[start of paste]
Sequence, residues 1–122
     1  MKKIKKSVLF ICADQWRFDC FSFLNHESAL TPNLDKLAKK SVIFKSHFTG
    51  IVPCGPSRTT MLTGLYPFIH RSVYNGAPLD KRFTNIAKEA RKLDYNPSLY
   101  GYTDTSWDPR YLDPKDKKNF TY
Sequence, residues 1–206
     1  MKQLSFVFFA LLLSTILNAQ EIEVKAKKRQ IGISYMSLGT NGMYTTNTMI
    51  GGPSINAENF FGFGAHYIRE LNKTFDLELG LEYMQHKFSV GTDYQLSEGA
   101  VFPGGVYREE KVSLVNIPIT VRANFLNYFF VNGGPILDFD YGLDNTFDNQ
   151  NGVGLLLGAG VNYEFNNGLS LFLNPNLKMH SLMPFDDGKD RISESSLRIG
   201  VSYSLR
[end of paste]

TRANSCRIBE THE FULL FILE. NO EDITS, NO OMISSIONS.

Sequence, residues 1–122
     1  MKKIKKSVLF ICADQWRFDC FSFLNHESAL TPNLDKLAKK SVIFKSHFTG
    51  IVPCGPSRTT MLTGLYPFIH RSVYNGAPLD KRFTNIAKEA RKLDYNPSLY
   101  GYTDTSWDPR YLDPKDKKNF TY
Sequence, residues 1–206
     1  MKQLSFVFFA LLLSTILNAQ EIEVKAKKRQ IGISYMSLGT NGMYTTNTMI
    51  GGPSINAENF FGFGAHYIRE LNKTFDLELG LEYMQHKFSV GTDYQLSEGA
   101  VFPGGVYREE KVSLVNIPIT VRANFLNYFF VNGGPILDFD YGLDNTFDNQ
   151  NGVGLLLGAG VNYEFNNGLS LFLNPNLKMH SLMPFDDGKD RISESSLRIG
   201  VSYSLR